Probate can be avoided through various means, but many people don't realize it. They fail to make estate plans so their assets end up at the mercy of the court.
To make matters worse, probate can take on a life of its own, dragging on for many months or even several years for some estates. A multitude of factors can contribute to a long and drawn-out process, from choosing an inept executor to the nature of a decedent's assets.
Estates With More Than a Few Beneficiaries
Estates with more than two or three beneficiaries typically take longer to settle through probate because it takes longer to notify each and every beneficiary about what's going on. And letting them know what's going on is a legal requirement during administration.
Many documents must also be signed by every beneficiary, and there are invariably one or two who need prodding and more than one or two reminders to return their signed documents to the estate's attorney or executor of the estate.
When Beneficiaries Live Some Distance Away
Multiple beneficiaries who are spread all across the U.S. will be more difficult to deal with, even with modern technology. The time differences and expensive overnight mail service will definitely take a toll on the estate administration if a beneficiary is located outside of the U.S.
Beneficiaries living at a distance are said to be the No. 1 reason why the probate process sometimes gets held up.
Estates With Assets in Various States
Multiple probate processes can be necessary when a decedent leaves property in more than one state.
For example, a decedent might have lived in Nevada but also owned real estate in California and mineral rights in Oklahoma. This can require that ancillary probates be opened in California and Oklahoma, in addition to the primary proceeding in Nevada.
Juggling additional proceedings generally takes a good bit more time.
Estates That Have to File Estate Tax Returns
Estates that are required to file IRS Form 706, the federal estate tax return, will undoubtedly take longer to administer than estates that don't have to file such a return. On average, the IRS won't even begin to process an estate's Form 706 until three to four months have passed since the return was filed.
An estate that must file Form 706 can't close until it receives an official, written nod of approval from the Internal Revenue Service.
It can then take another three to four months for an actual person to look at the return. This means that the probate administration will remain in limbo for at least six to eight months while the IRS does what it needs to do.
Another two or three months can go by if there's a problem with the return and the IRS requests additional information or documentation. Now we're up to 10 months to a year since the return was initially filed.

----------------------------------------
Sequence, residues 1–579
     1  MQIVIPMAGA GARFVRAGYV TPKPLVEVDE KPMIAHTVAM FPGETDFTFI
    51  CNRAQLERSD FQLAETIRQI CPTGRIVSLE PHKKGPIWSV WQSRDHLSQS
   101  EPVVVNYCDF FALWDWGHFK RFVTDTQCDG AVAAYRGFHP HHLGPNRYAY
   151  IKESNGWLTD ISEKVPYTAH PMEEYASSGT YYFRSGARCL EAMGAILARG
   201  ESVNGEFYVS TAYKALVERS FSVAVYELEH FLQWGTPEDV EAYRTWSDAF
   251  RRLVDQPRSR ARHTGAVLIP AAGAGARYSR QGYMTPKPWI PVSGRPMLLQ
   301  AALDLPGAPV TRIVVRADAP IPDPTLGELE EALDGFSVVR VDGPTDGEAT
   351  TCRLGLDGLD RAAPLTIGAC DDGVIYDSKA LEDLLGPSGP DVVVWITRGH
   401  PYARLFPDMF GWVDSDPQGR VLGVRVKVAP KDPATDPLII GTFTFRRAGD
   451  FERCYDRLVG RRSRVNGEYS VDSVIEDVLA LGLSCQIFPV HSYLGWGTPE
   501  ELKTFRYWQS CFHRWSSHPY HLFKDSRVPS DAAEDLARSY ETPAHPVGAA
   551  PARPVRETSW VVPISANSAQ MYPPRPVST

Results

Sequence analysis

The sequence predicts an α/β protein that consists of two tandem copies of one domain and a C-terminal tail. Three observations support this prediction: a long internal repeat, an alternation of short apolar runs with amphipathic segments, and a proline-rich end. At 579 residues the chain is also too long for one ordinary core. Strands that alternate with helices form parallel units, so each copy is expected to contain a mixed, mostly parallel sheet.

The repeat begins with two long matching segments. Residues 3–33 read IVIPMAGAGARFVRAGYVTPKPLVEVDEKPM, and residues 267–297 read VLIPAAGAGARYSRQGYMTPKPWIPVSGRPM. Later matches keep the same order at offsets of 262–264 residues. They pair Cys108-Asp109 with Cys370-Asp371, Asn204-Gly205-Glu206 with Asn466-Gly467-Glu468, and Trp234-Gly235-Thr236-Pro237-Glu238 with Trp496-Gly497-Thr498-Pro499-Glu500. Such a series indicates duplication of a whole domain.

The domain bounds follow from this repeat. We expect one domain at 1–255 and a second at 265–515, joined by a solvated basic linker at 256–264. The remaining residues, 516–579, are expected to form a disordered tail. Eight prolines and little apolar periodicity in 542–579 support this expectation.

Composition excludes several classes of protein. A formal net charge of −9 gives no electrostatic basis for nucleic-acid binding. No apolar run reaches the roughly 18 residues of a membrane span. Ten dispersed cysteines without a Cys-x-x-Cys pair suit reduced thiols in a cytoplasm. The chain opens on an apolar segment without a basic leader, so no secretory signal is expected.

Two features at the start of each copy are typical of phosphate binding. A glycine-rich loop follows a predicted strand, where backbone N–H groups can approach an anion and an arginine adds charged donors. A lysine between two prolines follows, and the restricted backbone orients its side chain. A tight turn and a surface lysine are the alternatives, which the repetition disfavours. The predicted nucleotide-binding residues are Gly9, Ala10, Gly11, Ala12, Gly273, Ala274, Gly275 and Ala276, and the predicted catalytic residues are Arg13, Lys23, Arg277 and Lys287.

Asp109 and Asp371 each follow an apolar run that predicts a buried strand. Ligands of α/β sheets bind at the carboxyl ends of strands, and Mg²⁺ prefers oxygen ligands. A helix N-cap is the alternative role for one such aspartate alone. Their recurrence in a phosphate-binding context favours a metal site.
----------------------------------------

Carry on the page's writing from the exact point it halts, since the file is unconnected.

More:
Estates With Unusual Assets
Estates that own property that's difficult to value will take longer to probate. Examples include rare collectibles, racehorses, oil or mineral rights, or patents.
An asset that's difficult to value can dovetail right into the other reason why probate takes so long—the estate has to file an estate tax return. The estate's executor or administrator and the IRS have been known to have widely divergent opinions of the true value of unique assets for estate tax purposes.
An asset that is highly illiquid can cause the estate to remain open until the asset can be sold. Otherwise, one or more creditors or beneficiaries of the estate might be forced to take over ownership of that undesirable asset.
When Beneficiaries Don't Get Along
Nothing can drag out the process like a good old-fashioned family feud. The personal representative can be forced to go to court to get permission from the probate judge to perform every little task when beneficiaries don't get along.
One or more of the beneficiaries will often hire their own attorneys in these situations. Those attorneys will then proceed to question anything and everything, and that invariably brings the probate process to a grinding halt for a while.
It can literally take years for the legal mess to play out and for the validity of the will to be established if the will ends up being contested.
When There Are Too Many Wills
It's not unheard of for a decedent to leave a last will and testament without stating explicitly in the document that it replaces and revokes any will made prior to that time. Should an heir or beneficiary pop up brandishing another will with better terms, it might not be immediately clear which will should supersede the other.
This will almost certain result in a will contest so the court can figure it out. Settling the estate could be delayed for a year or more.
The Wrong Executor
Choosing the wrong someone to act as executor can cause the process to drag on and on. Nominating someone who isn't good with money, who's disorganized, or who's just very busy with their job or family can be a recipe for disaster.
This type of person generally won't be able to handle all the responsibilities and duties that go along with guiding an estate through the probate process and settling it.
The Bottom Line
Unfortunately, many of these reasons are beyond the control of the executor and the probate attorney, if the estate has one. Very little if anything can be done to speed things along in these situations.